Sunday, June 24, 2012

Southern California Violin Makers Workshop 2012

June is typically a busy month for me.  Since 2008, I have been attending the Southern California Violin Makers Workshop for a week, sometimes 2, and then during the third full-week in June, we have the shop set up at the National Old-time Fiddlers Contest in Weiser, Idaho.

So today I'll post about the workshop.  It's held in Claremont, California, put on by Jim Brown, and taught/led by Michael Darnton of Chicago.  The grounds are not too bad.

The violin-makers workshop was held on the ground-floor in this wing of the building --

while the bow-makers were across the way in this wing, behind the arched walkway --

Most of the attendees had been to the workshop before, and all (in the first two weeks) had built previous violins.  Everyone was at a different place in their current violin and the atmosphere is such that we can ask questions about anything at any time.  We all just set down at a bench and start working.  Seeing what other people are doing, how they're doing it, the tools they're using are all wonderful ways of learning.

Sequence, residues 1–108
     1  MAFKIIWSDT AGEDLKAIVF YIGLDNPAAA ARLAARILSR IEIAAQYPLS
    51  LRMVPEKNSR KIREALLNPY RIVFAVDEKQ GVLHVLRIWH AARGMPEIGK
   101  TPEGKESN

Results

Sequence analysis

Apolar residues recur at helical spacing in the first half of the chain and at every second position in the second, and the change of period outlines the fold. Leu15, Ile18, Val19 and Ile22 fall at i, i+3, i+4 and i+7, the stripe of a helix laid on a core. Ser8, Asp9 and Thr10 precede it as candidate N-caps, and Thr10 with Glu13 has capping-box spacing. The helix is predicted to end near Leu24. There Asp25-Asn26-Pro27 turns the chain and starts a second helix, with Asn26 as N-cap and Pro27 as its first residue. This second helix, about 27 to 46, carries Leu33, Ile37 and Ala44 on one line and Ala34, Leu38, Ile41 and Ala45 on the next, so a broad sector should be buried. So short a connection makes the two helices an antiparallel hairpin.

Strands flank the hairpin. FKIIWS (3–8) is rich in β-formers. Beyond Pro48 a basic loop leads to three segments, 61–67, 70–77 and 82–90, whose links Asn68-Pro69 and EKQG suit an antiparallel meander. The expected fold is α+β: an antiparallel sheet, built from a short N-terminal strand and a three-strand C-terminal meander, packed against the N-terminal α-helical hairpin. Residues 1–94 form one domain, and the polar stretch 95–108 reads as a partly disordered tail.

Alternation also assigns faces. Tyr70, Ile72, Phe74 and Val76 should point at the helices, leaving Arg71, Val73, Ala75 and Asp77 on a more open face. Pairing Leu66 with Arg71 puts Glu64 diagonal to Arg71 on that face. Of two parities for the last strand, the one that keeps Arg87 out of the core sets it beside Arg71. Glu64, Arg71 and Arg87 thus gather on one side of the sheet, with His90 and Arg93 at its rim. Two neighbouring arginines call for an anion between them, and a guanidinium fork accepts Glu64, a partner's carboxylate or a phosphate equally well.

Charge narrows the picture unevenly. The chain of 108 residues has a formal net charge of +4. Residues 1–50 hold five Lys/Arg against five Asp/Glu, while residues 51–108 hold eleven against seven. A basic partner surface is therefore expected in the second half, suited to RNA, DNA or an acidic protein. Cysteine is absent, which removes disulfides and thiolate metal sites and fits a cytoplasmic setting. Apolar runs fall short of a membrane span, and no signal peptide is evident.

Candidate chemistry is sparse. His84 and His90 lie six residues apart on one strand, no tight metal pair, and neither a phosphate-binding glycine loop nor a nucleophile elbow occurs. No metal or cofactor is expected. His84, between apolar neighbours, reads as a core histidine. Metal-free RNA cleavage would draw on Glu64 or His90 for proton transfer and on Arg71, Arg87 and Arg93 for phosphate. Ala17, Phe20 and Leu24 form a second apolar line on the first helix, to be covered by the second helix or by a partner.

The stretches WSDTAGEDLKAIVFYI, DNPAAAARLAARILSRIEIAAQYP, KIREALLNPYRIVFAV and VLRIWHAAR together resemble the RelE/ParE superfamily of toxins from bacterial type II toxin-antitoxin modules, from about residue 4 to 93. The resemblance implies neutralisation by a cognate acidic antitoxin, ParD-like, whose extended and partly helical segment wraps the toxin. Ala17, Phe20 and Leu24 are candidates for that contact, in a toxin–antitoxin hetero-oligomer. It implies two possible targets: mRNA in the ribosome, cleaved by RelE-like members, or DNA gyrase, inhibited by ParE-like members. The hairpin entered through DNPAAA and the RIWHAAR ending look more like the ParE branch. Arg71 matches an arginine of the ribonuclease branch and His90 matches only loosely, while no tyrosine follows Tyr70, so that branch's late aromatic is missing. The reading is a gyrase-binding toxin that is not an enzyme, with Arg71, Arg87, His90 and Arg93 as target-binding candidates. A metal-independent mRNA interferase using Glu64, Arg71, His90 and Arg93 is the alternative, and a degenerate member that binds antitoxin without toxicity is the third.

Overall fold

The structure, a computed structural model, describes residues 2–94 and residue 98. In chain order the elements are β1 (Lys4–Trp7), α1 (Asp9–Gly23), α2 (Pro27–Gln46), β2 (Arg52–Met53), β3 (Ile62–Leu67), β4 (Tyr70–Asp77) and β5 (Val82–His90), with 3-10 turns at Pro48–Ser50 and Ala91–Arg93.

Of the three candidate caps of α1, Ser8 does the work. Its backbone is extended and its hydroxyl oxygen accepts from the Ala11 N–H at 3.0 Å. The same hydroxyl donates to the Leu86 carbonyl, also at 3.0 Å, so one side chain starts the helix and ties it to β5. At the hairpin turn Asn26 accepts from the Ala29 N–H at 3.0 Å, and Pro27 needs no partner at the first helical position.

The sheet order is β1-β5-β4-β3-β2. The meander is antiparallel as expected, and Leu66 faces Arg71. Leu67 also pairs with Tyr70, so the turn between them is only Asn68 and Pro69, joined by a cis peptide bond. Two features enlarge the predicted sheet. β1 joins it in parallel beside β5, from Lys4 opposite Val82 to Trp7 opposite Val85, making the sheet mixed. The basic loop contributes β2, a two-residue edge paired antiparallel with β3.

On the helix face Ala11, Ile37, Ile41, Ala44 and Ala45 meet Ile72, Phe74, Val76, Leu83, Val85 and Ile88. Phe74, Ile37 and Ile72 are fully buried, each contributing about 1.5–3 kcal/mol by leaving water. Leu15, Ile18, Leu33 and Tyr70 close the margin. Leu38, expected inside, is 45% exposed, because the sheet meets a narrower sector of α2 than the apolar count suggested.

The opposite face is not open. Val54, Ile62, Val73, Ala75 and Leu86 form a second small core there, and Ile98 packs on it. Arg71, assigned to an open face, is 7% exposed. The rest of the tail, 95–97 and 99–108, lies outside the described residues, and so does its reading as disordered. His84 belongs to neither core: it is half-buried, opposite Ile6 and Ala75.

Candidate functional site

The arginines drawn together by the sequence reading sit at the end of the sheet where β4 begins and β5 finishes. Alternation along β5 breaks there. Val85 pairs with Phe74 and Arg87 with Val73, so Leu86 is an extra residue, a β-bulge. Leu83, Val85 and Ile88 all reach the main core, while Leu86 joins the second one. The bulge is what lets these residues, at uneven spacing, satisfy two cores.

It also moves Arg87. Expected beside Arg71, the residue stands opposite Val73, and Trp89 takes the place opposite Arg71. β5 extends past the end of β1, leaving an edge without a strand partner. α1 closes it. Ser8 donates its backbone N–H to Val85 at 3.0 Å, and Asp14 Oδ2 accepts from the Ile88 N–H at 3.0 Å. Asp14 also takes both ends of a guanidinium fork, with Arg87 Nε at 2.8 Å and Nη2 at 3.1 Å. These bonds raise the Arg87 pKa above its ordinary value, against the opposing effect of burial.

For me the greatest thing is that I learn so much I didn't even know to ask about.

One of my goals this time was to learn more about the outline and corners.  I believe I made a major conceptual breakthrough in my understanding of corner geometry.  I was never happy with the shape of  my violin corners, mainly because I didn't have a clear picture in my head.  Now, after years of having it presented to me, something finally clicked.  It's now a matter of execution.

Towards the end of my week there, I got the purfling in both plates of my Brothers Amati fiddle.

And I spent some time working the edges down.

The workshop's official site is here.  If I understand it correctly, the workshop is accepting beginners during the third week.

I have more photos of the workshop here.

Michael Darnton's website is here.

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